TRUJILLO: This is the further politicization of this pandemic that panders to the extreme right wing.

And, unfortunately, the Republican legislature here in the state of Arizona, instead of joining the rest of the state in working together to handle this pandemic through the lens of a public health crisis, is choosing to politicize the pandemic and throw red meat to the far right-wing base that continues to make noise about mask mandates throughout our state.

Our governor, who promised local control and autonomy for local school boards and superintendents so that we could navigate the waters of the pandemic according to local conditions, has done a stunning about face and has supported the banning of mask mandates of local school boards.

Similar to what we have seen from the governor of Florida and the governor of Texas. And it is a contradiction to a legislature and a governor who touted local control.

CABRERA: I want to get to what we saw in Tennessee this week, which was a district that voted to require masks at their elementary schools.

And one parent, who is a doctor, stood up to explain why he supports mask at a board meeting and he was actually threatened by people there.

Listen to this.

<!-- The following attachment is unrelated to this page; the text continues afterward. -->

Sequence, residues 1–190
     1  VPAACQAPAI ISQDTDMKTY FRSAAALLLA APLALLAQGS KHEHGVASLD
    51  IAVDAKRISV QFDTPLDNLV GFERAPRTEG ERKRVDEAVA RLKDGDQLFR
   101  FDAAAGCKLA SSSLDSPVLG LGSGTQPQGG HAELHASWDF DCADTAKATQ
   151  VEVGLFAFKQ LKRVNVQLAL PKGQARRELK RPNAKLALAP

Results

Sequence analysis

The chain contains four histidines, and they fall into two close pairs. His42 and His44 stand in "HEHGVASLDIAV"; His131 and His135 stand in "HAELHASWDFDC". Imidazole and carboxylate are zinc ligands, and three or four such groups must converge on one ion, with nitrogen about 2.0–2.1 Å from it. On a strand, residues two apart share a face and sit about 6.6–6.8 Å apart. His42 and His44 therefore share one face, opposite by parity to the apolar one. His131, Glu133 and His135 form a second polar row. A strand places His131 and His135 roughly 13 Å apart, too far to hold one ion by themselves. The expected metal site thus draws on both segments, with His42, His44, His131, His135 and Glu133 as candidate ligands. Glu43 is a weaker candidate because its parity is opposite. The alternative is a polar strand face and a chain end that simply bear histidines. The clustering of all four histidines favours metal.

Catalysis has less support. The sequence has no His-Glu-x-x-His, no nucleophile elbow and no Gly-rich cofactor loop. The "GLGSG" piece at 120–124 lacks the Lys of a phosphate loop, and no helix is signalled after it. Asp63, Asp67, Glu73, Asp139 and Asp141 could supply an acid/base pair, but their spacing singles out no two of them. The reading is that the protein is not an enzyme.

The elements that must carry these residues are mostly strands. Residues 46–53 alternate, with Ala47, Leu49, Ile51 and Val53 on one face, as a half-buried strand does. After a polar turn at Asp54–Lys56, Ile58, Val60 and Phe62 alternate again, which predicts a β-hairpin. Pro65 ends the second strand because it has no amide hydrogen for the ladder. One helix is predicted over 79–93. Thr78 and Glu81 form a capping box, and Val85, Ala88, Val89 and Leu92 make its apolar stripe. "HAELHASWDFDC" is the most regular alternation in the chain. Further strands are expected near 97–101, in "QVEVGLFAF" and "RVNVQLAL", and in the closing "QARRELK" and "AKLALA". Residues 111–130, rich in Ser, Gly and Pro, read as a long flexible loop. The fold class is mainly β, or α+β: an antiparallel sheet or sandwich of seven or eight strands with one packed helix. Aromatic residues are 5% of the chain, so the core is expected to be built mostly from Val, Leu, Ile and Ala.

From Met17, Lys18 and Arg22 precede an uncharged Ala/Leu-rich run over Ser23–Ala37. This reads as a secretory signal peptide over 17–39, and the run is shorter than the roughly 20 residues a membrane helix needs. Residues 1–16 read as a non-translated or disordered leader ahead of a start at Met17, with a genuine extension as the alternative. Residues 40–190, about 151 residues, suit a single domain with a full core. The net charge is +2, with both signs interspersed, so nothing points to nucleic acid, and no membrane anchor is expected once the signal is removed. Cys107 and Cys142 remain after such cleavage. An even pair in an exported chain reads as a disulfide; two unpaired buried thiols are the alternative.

DR. BRITT MAXWELL, ADVOCATED FOR MASK MANDATE AT A TN SCHOOL BOARD MEETING: Before we walked out we had to brace ourselves. I took my wife's arm and I said, just remember, no matter what they say these are the lives we are trying to save and we walked out.

And I was approached and someone put their hand in my face and called me a traitor, which I don't see how that's -- how anyone can say that when I've been on the front lines of this pandemic since the beginning.


CABRERA: And he and other parents who supported masks were told as they were leaving by angry parents, quote, "We will find you."

I only have about 30 seconds, but have you personally experienced anything like that, any threats?

TRUJILLO: Unfortunately, I have, Ana. I've been called a Socialist, a Communist, obscenities yelled out at me as I shopped at local grocery stores.


And again, it is just absolutely unfortunate that this public health crisis has become another theater in the ongoing culture wars here in this country.

And it shouldn't be. We should all be able to come together around public health.